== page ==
Hey, so this is one of my self-work-themed noozletters that people always used to wish they could comment on. Now you can! Enjoy.
When you really don’t want to make that call …
There’s nothing like a case of phone call dread.
Just to be clear, I’m not talking about general “I have no time” stuff or even about your average low-grade procrastination avoidance situation. Also assuming this isn’t about some peculiar phone phobia of yours that kicks in whenever you have to push buttons or something.
This is when you’re dealing with one specific sticky and uncomfortable interaction that you just don’t want anything to do with. For whatever reason, this one is loaded.
How loaded? If you’ve been there, you know the feeling … all the yuckiness of procrastination combined with sweaty palms, coughing and whole-body anxiety. Pretty unpleasant.
Granted, nine times out of ten you already know why you don’t want to make the call, but for the purpose of this exercise, let me toss out some real-life scenarios.
One would be the “If I talk to this person, he’ll drag me down” phenomenon, which is what my friend Scott deals with on a nearly-daily basis. He finds some of his clients so energy-draining that he pretty much dreads every interaction. Maybe the person you’re dreading is coming across as an energy vampire too.
There’s also the example of a couple of women I worked with recently who can’t stand making follow-up calls to potential clients. Not cold calls, mind you. Calls to people who have already specifically expressed interest in hiring them.
Still scary, because if you have a “what if they’ve changed their mind?” or “what if I’m bugging people?” question lurking in your brain, making the call is pretty much the least appealing thing you could want to do.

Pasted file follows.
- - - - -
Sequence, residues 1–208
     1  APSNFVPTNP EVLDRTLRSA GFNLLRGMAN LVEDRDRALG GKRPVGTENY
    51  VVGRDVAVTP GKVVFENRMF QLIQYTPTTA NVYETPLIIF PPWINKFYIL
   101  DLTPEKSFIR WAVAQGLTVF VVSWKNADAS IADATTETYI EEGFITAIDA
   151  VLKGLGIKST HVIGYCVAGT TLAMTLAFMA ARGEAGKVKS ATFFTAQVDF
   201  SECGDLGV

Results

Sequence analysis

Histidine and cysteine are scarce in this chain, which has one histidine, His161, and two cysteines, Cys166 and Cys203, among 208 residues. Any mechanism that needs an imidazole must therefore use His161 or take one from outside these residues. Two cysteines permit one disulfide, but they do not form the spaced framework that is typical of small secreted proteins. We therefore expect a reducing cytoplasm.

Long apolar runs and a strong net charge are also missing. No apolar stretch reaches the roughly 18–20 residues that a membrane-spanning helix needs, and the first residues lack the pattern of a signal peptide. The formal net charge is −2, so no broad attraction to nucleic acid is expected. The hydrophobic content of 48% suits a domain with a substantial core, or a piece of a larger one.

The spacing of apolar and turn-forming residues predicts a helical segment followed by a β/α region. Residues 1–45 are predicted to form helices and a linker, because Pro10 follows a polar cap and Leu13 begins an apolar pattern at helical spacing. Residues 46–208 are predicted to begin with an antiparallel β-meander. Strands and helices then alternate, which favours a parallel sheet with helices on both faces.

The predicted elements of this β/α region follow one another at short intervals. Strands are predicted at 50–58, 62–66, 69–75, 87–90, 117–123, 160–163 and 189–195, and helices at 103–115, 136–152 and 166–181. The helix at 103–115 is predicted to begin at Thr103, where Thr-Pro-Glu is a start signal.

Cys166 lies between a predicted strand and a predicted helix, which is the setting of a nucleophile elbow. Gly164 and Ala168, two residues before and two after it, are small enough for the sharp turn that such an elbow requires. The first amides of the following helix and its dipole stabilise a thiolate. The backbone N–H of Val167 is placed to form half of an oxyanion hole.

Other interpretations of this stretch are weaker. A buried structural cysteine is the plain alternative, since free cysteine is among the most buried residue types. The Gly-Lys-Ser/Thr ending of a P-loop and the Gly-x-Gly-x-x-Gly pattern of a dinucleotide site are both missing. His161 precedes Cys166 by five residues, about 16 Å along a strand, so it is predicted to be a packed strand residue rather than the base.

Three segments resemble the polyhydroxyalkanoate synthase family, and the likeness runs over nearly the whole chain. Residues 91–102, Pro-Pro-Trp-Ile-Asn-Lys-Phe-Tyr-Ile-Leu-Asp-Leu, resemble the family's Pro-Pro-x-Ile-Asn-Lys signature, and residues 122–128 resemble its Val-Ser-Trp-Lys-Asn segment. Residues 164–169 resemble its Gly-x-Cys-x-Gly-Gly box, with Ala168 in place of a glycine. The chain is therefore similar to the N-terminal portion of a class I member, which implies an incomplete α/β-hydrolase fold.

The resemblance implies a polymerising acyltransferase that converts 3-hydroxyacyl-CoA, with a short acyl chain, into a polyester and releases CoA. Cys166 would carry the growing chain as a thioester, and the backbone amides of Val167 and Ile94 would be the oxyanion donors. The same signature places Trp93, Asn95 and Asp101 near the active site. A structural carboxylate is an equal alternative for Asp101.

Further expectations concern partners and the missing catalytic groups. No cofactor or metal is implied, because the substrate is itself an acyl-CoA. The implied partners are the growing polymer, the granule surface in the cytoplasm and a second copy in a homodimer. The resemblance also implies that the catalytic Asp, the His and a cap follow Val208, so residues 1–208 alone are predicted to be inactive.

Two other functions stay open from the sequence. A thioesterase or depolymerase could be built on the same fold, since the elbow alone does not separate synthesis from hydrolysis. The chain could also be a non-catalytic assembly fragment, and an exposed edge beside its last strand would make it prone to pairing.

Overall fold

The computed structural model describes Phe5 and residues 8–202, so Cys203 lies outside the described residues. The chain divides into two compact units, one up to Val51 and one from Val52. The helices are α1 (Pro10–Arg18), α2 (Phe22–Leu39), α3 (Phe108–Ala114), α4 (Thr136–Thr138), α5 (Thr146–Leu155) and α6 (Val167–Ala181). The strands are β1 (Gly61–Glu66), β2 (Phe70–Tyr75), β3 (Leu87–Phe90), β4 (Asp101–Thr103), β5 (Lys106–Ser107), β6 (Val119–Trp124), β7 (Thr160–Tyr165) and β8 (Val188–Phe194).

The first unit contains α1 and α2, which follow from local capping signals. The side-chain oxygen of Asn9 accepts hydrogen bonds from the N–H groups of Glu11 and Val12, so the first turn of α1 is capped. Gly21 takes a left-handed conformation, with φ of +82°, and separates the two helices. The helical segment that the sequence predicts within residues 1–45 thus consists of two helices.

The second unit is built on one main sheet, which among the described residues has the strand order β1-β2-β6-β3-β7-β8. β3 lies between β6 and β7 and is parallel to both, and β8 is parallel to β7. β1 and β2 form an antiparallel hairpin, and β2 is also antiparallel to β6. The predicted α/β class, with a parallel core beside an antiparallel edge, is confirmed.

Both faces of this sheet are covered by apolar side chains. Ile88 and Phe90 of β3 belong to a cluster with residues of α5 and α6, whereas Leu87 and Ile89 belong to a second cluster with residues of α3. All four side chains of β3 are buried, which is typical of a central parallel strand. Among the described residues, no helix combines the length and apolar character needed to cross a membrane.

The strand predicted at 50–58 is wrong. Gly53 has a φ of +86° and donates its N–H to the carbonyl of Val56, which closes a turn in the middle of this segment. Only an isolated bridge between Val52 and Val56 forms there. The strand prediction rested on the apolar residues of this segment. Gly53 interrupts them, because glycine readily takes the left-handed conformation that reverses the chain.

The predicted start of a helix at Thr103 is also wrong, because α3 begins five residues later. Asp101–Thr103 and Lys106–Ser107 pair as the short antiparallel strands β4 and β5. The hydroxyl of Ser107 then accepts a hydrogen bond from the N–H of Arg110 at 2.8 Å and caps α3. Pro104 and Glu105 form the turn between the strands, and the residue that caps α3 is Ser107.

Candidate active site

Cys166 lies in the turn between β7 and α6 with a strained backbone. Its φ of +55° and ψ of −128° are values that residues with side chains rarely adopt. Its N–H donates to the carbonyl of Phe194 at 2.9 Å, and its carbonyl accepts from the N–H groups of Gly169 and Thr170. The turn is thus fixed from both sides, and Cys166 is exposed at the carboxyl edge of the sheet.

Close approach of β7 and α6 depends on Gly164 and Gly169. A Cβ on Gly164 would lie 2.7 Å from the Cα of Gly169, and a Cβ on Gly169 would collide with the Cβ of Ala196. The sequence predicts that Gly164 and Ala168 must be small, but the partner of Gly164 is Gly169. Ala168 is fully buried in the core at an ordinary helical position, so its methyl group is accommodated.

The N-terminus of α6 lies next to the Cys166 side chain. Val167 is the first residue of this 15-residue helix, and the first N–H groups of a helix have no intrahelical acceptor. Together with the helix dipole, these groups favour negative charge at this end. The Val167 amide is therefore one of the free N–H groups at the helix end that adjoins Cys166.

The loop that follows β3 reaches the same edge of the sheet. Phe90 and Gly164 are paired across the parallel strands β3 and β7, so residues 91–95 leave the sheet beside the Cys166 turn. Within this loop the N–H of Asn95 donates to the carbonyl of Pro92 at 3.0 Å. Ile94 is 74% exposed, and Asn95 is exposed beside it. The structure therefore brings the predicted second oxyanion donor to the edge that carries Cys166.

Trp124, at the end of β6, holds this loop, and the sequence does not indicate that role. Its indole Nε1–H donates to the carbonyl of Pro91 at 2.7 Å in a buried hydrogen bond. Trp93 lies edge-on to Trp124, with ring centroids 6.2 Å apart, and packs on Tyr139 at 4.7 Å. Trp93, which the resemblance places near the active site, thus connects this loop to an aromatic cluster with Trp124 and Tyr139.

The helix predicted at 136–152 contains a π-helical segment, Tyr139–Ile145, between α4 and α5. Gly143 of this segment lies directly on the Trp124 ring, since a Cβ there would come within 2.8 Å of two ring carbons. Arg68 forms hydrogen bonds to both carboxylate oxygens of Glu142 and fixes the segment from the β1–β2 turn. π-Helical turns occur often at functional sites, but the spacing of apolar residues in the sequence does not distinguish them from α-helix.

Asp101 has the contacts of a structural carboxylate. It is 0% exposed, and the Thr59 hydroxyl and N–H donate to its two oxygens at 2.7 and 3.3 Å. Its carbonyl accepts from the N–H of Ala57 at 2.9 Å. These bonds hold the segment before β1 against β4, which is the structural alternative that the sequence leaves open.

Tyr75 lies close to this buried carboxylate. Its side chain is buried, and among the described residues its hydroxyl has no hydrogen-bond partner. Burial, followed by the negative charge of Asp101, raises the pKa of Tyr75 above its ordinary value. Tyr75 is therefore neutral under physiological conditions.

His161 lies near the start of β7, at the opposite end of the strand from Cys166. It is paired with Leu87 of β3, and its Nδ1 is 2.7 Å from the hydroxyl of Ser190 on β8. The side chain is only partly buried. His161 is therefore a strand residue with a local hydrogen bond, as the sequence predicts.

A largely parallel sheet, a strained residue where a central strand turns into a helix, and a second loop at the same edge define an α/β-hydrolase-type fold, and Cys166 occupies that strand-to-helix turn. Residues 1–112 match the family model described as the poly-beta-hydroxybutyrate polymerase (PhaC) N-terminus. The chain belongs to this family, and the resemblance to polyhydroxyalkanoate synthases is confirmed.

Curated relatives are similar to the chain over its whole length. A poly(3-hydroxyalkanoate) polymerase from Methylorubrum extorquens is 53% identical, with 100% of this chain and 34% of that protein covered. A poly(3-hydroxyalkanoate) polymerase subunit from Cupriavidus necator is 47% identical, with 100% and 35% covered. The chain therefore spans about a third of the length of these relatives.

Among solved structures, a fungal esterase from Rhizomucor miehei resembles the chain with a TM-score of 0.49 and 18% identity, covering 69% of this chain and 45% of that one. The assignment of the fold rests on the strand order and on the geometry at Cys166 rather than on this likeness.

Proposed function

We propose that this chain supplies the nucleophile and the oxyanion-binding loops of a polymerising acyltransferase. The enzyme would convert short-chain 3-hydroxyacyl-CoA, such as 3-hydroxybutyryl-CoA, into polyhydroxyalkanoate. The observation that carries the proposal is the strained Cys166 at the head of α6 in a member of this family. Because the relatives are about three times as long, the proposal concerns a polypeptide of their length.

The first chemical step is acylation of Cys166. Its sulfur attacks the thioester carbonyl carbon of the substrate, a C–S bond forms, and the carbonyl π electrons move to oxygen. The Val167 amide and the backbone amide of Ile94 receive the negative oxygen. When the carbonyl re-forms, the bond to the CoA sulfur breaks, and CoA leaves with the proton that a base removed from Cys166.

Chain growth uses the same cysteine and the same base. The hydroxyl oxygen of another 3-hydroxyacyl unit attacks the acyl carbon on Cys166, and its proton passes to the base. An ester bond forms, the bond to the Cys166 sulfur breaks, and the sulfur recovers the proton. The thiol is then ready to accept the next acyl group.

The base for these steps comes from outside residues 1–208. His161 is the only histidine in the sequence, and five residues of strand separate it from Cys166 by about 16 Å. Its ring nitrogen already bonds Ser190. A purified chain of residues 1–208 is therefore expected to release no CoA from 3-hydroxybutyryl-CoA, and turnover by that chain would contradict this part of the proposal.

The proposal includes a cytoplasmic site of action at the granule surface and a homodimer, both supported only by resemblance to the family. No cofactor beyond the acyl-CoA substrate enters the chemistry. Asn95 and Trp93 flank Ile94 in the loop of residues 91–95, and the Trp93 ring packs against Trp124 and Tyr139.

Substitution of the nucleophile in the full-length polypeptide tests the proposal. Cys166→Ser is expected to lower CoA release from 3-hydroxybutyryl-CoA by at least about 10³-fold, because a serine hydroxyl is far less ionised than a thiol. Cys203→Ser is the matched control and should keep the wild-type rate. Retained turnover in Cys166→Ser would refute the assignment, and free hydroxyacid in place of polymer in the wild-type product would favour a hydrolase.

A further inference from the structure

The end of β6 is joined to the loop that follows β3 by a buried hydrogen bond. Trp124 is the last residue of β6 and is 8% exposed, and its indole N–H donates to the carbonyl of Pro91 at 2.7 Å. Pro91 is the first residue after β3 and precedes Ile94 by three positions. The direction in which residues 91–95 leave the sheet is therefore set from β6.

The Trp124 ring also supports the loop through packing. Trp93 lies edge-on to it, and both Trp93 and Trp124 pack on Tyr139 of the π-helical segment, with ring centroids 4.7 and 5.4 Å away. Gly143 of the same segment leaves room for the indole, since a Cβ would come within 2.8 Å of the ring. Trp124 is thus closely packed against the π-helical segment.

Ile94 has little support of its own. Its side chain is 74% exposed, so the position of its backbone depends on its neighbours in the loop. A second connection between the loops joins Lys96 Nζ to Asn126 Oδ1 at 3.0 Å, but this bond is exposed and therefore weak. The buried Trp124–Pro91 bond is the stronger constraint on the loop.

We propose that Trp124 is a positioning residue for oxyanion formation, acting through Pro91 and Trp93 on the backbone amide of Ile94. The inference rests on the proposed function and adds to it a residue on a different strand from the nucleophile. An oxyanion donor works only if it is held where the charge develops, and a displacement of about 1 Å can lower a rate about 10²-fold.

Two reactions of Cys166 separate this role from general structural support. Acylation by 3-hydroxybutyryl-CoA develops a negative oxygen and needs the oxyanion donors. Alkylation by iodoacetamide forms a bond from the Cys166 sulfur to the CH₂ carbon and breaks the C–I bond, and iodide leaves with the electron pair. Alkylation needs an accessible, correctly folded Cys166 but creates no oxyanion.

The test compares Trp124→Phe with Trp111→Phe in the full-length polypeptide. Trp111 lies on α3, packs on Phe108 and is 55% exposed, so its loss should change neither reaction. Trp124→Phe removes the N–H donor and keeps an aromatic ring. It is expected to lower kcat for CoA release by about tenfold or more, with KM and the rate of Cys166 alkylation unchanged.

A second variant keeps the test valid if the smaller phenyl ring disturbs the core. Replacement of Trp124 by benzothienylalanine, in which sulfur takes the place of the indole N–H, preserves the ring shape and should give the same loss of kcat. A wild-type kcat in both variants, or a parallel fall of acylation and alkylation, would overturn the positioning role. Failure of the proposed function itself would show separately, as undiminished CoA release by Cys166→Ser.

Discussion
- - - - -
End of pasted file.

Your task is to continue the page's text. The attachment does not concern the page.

Then there’s the kind of call dread that’s all about unpleasant confrontation. I experienced this one recently myself when a studio where I taught a workshop “lost” my check, and didn’t want to write another one.
Of course in some way, it almost doesn’t matter who you’re calling or what it’s about — or whether it’s the thinking-about-it part or the not-doing part. When it’s one of those calls, it’s hang-wringingly awful in a jittery, guilt-laden, hyperventilating kind of way and you just don’t want to deal with it.
My fabulous technique: let me show you it
Generally speaking, when someone comes to me with a specific issue, we spend a little time untangling some of the deeper patterns at work instead of just rushing in to apply techniques.
However, for this particular situation, I happen to have a super genius technique that works just about every time. It’s such a valuable tool that I find myself constantly thinking, oh boy I wish everyone knew about this so I could stop explaining how to do it.
So please think of this technique as a “you really need to have this one in your toolbox” one.
∗Even if you’ve never, ever experienced phone call dread and never plan to, just learn it and save it for a rainy day.
The technique — a “mediation exercise” if you’re not a wacky energy person, and an “alignment exercise” if you are — is pretty easy to do. In fact, it’s so simple that I’m pretty much counting on you not being impressed by it.
All I can say is 1. it works like a charm and will knock your socks off every time, and 2. if you want to know why it works, we can cover that part some other time.
Just saying: even if it sounds kinda wacky or just plain stupid, do me a favor and play with me here. You know, that whole “don’t knock it til you’ve tried it” thing.
Here’s how it works.
STEP ONE: Stop guilting yourself for five minutes about how you think you really should be making that call, and sit down with a pad of paper and a pen.
STEP TWO: Make a list of things (qualities, characteristics, whatever) that you and the person you’re calling have in common. As many as you can think of is the rule, but if you want more specific instructions that that, how about this:
Try coming up with half a page if it’s, say, the phone company, and more if it’s someone you have hard-core entagled emotional patterns with. Let’s say at the very least you want to try for ten things.